Research Papers

Effect of Nozzle Guide Vane Lean Under Influence of Inlet Temperature Traverse

[+] Author and Article Information
A. Rahim

e-mail: amir.rahim@eng.ox.ac.uk

L. He

Department of Engineering Science,
University of Oxford,
Oxford OX1 3PJ, UK

E. Romero

Turbine Systems,
Rolls-Royce PLC,
Moore Lane,
Derby DE24 8BJ, UK

Contributed by the International Gas Turbine Institute (IGTI) of ASME for publication in the JOURNAL OF TURBOMACHINERY. Manuscript received July 13, 2013; final manuscript received September 3, 2013; published online December 27, 2013. Editor: Ronald Bunker.

J. Turbomach 136(7), 071002 (Dec 27, 2013) (12 pages) Paper No: TURBO-13-1155; doi: 10.1115/1.4025947 History: Received July 13, 2013; Revised September 03, 2013

One of the most widely studied parameters in turbine blade shaping is blade lean, i.e., the tangential displacement of spanwise sections. However, there is a lack of published research that investigates the effect of blade lean under nonuniform temperature conditions (commonly referred to as a “hot-streak”) that are present at the combustor exit. Of particular interest is the impact of such an inflow temperature profile on heat transfer when the nozzle guide vane (NGV) blades are shaped. In the present work, a computational study has been carried out for a transonic turbine stage using an efficient unsteady Navier–Stokes solver (HYDRA). The configurations with a nominal vane and a compound leaned vane under uniform and hot-streak inlet conditions are analyzed. After confirming the typical NGV loading and aeroloss redistributions as seen in previous literature on blade lean, the focus has been directed to the rotor aerothermal behavior. While the overall stage efficiencies for the configurations are largely comparable, the results show strikingly different rotor heat transfer characteristics. For a uniform inlet, a leaned NGV has a detrimental effect on the rotor heat transfer. However, once the hot-streak is introduced, the trend is reversed; the leaned NGV leads to favorable heat transfer characteristics in general and for the rotor tip region in particular. The possible causal links for the observed aerothermal features are discussed. The present findings also highlight the significance of evaluating NGV shaping designs under properly conditioned inflow profiles, rather than extrapolating the wisdom derived from uniform inlet cases. The results also underline the importance of including rotor heat transfer and coolability during the NGV design process.

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Fig. 1

Three-passage HP turbine stage domain and surface mesh distribution for (a) nominal and (b) leaned vane arrangements

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Fig. 2

Inlet hot-streak profile

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Fig. 3

Radial variation of pitch-averaged temperature

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Fig. 4

Blade-to-blade static pressure distribution

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Fig. 5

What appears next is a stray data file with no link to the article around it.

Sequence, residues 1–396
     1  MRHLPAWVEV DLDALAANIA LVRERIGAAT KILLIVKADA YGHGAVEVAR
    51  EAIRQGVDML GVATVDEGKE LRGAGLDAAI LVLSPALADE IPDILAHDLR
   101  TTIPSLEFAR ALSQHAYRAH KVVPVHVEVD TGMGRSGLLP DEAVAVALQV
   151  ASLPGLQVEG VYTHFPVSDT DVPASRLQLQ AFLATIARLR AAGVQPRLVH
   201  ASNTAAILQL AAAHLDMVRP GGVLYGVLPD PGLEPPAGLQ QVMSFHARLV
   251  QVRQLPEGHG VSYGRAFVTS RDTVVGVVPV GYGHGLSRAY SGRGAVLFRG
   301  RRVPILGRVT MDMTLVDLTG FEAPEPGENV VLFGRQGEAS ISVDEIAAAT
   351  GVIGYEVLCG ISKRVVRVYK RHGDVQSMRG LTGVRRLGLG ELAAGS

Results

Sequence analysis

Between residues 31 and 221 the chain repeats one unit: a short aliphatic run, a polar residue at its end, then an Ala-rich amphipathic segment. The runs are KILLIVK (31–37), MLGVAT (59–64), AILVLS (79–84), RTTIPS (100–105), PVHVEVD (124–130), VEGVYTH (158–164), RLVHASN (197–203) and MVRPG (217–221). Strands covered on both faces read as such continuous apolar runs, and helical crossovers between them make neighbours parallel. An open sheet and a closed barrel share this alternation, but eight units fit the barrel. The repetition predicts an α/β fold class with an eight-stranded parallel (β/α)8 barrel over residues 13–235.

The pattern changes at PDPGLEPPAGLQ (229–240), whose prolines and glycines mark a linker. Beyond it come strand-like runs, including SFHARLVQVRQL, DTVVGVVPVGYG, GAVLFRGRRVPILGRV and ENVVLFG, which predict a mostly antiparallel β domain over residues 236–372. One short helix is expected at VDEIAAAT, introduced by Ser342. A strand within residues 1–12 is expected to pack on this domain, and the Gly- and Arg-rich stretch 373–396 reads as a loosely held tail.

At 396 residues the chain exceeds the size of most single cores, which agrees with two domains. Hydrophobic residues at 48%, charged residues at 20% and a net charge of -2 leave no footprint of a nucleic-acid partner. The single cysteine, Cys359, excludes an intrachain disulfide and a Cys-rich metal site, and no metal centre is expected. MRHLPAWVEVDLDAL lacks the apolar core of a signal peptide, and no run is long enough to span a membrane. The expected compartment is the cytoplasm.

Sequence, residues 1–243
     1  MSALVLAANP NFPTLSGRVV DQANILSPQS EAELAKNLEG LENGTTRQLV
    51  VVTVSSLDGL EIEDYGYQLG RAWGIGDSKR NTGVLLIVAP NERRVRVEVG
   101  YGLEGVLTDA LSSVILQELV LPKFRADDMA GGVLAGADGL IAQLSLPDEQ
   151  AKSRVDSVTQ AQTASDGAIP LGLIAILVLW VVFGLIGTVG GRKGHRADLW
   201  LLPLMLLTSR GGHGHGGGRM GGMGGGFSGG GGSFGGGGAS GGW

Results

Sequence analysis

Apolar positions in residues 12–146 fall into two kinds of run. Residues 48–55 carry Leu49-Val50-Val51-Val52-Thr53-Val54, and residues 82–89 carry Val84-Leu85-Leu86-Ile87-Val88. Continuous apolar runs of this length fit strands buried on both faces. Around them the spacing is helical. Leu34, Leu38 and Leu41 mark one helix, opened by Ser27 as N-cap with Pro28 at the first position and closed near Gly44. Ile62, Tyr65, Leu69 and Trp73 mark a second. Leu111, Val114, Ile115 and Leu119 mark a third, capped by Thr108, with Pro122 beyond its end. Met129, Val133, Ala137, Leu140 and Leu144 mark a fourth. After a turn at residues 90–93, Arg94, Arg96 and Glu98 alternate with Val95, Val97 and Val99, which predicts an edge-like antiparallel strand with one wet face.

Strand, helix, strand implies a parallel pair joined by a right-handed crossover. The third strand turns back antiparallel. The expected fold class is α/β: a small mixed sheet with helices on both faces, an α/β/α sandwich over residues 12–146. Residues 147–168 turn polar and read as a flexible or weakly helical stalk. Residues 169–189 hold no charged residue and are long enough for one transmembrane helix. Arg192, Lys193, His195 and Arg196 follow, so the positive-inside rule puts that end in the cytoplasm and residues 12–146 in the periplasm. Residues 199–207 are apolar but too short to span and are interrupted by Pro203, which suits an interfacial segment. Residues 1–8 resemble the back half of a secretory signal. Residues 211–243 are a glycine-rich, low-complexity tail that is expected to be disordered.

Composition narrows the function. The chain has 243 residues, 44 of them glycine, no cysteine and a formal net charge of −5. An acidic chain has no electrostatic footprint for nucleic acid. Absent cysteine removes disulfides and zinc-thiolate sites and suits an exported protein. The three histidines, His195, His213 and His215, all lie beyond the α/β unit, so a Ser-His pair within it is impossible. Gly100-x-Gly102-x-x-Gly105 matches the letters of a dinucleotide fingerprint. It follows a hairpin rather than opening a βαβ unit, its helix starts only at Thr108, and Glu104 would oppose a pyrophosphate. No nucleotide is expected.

NGV surface isentropic Mach numbers at 50% and 90% span sections for nominal and leaned cases

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Fig. 6

Vane suction surface streamline movement and corner vortex formation

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Fig. 7

Total pressure loss coefficient at NGV exit

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Fig. 8

Radial plot of absolute yaw angle at vane exit

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Fig. 9

Mass flux contours on NGV exit plane (dashed line indicates wake)

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Fig. 10

Streamline traces on mesh plane close to pressure surface and mass flux contours on the NGV exit plane

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Fig. 11

Radial plot of pitch-average mass flux at vane exit

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Fig. 12

Axial velocity contours at NGV exit (uniform inlet)

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Fig. 13

Axial velocity contours at NGV exit (hot-streak)

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Fig. 14

Radial plot of relative yaw angle at rotor inlet

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Fig. 15

Velocity diagrams at rotor inlet near to the tip (velocity triangles AB′C′ and ab′c′ indicate hot-streak cases)

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Fig. 16

Radial plot of relative total pressure at rotor inlet

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Fig. 17

Heat flux contours on rotor pressure surface

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Fig. 18

Heat fluxes and streamline patterns on rotor suction surface

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Fig. 19

Pressure differences on rotor pressure surface, normalized by the local relative dynamic head (Eq. (6)) (arrows indicate pressure gradient directions)

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Fig. 20

Heat flux on rotor tip (uniform inlet)

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Fig. 21

Heat flux on rotor tip (hot-streak inlet)

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Fig. 22

HTC and Taw (time-averaged) on rotor pressure surface

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Fig. 23

Radial variations of pitch-averaged relative total temperature at rotor inlet

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Fig. 24

Simplified single blade passage

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Fig. 25

Temperature profiles for uniform and hot-streak inlet




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